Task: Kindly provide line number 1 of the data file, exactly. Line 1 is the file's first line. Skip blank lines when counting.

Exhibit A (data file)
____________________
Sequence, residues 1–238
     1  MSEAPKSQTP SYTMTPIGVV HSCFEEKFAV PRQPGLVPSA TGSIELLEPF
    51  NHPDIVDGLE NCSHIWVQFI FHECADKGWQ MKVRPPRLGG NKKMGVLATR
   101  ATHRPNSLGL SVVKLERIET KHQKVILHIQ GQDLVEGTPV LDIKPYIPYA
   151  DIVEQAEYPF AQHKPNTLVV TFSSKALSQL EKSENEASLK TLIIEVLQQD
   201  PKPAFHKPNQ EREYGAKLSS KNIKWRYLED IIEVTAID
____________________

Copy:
Sequence, residues 1–238